The company headquarters. Abandoned last time I drove past it, though it is the classiest building in downtown South Bend.
The mill was powered, in part, by water flowing through turbines under it. After the flow worked the industrial heart of the flour mill, it was exit to the Mississippi here.
An article from Minnpost describes this design as “marital”, and I could not agree more.
A staircase leads behind three of the dock chutes, seemingly to nowhere. The lower on the left held one end of a string of lights above the dock.
Watching the comings and goings of doctors, nurses and new patients was a mainstay of asylum routine; one can find it easy to imagine pale faces pressed against the block glass windows, staring out at the world moving past them.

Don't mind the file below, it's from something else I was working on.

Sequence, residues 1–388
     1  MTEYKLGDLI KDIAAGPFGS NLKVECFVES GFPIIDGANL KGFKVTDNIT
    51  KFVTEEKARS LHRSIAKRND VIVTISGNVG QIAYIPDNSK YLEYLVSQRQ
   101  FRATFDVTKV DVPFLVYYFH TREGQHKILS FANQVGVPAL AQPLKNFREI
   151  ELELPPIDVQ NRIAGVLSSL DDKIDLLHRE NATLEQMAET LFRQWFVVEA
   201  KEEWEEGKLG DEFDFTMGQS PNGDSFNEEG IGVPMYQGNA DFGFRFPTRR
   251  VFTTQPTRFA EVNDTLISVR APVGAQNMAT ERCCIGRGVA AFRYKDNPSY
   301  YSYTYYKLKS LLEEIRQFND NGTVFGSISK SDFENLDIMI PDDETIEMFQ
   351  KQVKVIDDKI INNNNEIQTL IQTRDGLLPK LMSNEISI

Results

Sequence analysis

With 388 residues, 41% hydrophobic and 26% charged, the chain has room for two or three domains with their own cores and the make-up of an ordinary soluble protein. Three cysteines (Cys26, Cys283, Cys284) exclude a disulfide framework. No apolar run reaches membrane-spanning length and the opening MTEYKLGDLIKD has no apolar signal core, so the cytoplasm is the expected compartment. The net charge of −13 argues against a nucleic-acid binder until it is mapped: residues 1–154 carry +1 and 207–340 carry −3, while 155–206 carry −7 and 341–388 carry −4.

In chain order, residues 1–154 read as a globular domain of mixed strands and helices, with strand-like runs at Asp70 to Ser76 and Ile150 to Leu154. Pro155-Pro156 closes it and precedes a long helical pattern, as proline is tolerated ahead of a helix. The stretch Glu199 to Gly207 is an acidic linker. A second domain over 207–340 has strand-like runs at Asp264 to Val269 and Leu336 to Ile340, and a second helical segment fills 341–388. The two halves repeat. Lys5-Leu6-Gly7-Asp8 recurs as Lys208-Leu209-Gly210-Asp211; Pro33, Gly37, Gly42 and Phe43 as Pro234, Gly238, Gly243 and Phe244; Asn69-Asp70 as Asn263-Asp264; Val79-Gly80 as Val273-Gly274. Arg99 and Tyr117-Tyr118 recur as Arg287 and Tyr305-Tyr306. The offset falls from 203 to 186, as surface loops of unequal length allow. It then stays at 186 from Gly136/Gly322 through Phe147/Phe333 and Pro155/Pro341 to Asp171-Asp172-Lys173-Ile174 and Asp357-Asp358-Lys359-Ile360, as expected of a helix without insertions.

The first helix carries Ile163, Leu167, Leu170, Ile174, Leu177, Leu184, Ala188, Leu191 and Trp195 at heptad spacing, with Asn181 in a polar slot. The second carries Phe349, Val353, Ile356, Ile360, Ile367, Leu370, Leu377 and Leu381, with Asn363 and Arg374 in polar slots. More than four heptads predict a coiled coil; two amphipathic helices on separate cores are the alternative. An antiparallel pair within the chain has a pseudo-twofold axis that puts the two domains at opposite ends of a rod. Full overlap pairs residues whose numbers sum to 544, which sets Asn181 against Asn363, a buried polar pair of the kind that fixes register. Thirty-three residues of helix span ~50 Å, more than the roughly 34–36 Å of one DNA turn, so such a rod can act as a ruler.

2006. A section of the third floor that has changed a lot over the years. Compare to 2015 shot.
Electric Steel’s bins reflect the sunset.
The light next to this acid tank was perfect, thanks to a gaping hole in the roof.
The bridge here moved workers between the dock, the approach tracks, and refueling buildings.